Letters to the Editor

Letters to the Editor 6/25

Prison budget fix

Many of California’s budget problems were caused by the loss of jobs outsourced to other countries. Let’s do the same thing with our prisoners.

If it costs $50,000 per prisoner, per year to supply them with food, security, cable TV, health care, weights and transplants, why not outsource this job to Chile or Mexico?

If we paid Chile or Mexico $5,000 per prisoner, per year, the balance sheet would look like this:

In California, 2,000 prisoners times $50,000 equals $100 million.

In Chile, 2,000 prisoners times $5,000 equals $10 million.

Savings: $90 million.

Let the guards pick the worst 100 or so from each prison, which would help with the overcrowding but not cause any layoffs for the guards at any one prison. Put the teachers back to work teaching our youth, get our economy and children back on track and balance the budget. Budget fixed.

Tom O. Mills Paso Robles

Self defense saves

Basic self-defense can save lives. In Maine, three female college students came to the aid of a fellow classmate by fighting off a man trying to assault her. In San Diego, a female jogger fought off an attempted assault by John Gardner III, the man who raped and murdered two girls earlier this year.

We should not be lulled into a false sense of security by thinking, “This only happens in big cities,” or “I don’t run alone,” or “I don’t go to unfamiliar places.” In reality, more than 73 percent of sexual assault victims know their attacker — a classmate, co-worker, ex-boyfriend or friend. This doesn’t mean we should live our lives in fear, but rather take action to reduce our risk of becoming victims. One way to do this is by learning basic self-defense.

The Sexual Assault Recovery and Prevention Center (SARP) offers women’s empowerment and self-defense workshops, both to the community and small groups.

The workshops concentrate on awareness of self and environment, assertiveness and physical techniques. For more information on self-defense workshops and the SARP Center’s other services for survivors of sexual assault, please call 545-8888 or visit www.sarpcenter.org.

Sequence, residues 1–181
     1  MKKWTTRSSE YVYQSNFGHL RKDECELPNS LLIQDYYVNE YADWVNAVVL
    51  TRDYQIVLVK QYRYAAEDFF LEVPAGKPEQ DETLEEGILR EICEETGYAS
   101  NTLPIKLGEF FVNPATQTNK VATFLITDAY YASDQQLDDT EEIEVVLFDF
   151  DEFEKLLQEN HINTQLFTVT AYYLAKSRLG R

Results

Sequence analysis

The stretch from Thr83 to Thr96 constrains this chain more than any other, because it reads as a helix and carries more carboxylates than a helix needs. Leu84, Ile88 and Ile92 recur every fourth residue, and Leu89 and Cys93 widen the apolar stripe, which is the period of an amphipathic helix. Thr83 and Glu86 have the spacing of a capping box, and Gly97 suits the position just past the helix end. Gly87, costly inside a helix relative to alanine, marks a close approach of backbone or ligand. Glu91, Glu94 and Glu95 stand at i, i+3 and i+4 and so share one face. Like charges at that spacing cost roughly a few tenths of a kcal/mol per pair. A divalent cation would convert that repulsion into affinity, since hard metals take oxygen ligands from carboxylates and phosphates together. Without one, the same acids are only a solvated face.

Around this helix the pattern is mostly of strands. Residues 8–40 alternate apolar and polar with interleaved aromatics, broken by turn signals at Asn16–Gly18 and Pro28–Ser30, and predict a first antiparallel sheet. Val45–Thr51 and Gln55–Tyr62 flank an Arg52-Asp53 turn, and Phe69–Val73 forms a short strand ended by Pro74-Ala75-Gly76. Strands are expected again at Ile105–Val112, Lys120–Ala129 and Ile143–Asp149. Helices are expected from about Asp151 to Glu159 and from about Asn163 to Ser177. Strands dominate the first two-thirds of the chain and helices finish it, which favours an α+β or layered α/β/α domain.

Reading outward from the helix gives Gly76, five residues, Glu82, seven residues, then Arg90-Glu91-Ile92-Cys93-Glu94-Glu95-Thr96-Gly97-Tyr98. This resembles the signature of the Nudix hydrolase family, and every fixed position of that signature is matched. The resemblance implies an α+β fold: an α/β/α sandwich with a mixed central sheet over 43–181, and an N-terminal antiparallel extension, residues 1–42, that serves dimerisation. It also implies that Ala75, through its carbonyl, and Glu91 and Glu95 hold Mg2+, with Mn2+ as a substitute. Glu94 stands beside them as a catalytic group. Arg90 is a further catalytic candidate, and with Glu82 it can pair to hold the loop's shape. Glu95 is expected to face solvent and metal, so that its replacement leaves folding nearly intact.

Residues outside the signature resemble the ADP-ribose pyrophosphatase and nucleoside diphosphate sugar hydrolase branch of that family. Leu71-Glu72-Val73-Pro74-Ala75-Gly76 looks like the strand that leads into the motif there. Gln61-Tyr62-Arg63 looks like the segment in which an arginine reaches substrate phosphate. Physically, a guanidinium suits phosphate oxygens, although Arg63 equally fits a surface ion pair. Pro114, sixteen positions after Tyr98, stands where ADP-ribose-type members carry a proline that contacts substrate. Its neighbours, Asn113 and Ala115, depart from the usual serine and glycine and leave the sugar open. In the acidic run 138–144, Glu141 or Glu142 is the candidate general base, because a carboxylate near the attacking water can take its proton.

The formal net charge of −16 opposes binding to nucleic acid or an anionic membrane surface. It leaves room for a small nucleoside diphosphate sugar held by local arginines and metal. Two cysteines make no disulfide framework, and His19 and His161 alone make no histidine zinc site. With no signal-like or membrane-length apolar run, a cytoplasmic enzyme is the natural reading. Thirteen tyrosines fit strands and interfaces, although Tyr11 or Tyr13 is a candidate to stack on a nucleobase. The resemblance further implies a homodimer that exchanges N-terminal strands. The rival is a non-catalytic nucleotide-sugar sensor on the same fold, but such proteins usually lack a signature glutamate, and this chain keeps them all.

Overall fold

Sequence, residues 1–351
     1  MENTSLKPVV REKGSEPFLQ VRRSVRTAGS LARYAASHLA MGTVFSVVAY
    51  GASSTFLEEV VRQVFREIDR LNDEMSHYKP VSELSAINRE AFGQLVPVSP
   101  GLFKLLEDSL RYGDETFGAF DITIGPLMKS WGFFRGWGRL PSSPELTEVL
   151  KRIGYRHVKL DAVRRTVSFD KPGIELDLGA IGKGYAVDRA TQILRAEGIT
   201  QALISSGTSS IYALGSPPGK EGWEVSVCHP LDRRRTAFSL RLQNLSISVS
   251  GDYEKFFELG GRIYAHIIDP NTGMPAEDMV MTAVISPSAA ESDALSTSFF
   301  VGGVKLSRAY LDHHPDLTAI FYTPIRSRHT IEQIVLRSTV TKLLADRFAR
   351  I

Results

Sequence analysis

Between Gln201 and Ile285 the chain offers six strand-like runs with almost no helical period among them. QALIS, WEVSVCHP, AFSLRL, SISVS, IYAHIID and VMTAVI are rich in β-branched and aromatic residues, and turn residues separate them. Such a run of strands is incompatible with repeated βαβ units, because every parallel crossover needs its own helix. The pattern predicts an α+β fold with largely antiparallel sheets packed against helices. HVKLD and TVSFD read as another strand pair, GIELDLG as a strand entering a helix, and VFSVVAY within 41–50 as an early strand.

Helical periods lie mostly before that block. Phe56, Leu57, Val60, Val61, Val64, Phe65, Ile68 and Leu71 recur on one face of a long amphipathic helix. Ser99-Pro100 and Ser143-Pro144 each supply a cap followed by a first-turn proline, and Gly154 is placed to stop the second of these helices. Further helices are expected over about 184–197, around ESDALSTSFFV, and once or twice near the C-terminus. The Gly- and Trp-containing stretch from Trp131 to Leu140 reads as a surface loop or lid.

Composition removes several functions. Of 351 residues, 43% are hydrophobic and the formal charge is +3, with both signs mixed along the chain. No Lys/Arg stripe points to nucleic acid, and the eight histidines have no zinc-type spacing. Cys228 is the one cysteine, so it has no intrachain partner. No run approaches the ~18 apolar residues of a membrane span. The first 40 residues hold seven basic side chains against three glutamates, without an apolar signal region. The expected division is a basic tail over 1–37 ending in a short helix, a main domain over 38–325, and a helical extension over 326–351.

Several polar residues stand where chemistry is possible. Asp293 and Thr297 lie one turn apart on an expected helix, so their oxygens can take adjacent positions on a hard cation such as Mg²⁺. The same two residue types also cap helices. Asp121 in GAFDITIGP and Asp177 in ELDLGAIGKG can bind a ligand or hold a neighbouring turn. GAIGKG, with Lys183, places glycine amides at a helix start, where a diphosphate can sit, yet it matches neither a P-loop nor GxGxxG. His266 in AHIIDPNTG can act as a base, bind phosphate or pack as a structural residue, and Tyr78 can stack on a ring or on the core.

Jess Hawley

San Luis Obispo

Very little hope

For all those who hate environmentalists, I say we finally face the fact that we are all “hiking to hell.” We will soon have no birds, trees, animals or oceans. We will have a sterile concrete pad to live on until we are dead and that will be that. I am convinced that the non-environmentalists will win.

A survivalist, to me, would be a person who only cares about himself, but knows that without other life, he cannot exist. I feel there is very little hope for human kind. We don’t have to be ecologists to know when all other life besides us is gone, we will be too.

Maybe we can bridge the gap between those who want to wipe out life and those who don’t. Maybe we can call ourselves survivalists that have decided we need Earth and its life to sustain our own.

If there is hope for life and humanity, I would like to think so, but very much doubt it. Look around and say goodbye. Will humankind in their final moments take a gamble of life or death? Will we pull the final trigger on ourselves? I say “yes.” Man is not smart enough to save himself. Oh well, who cares.

Jonas Richardson

Los Osos

Stop war on trees

In the past year, more than 20 trees have been removed on the west side of Paso Robles in a half mile radius between Merryhill and Townhouse Terrace. None of these trees has been replaced.

These trees provide shelter to wildlife, much needed shade in summer and increase property values. If a tree needs to be removed, it should be replaced. Lack of shade and tree stumps now line our westside neighborhood.

Stop the war on trees on Paso Robles’ west side.

Dick Williams, Donna Buchholz and Marian Von Dollen

Paso Robles

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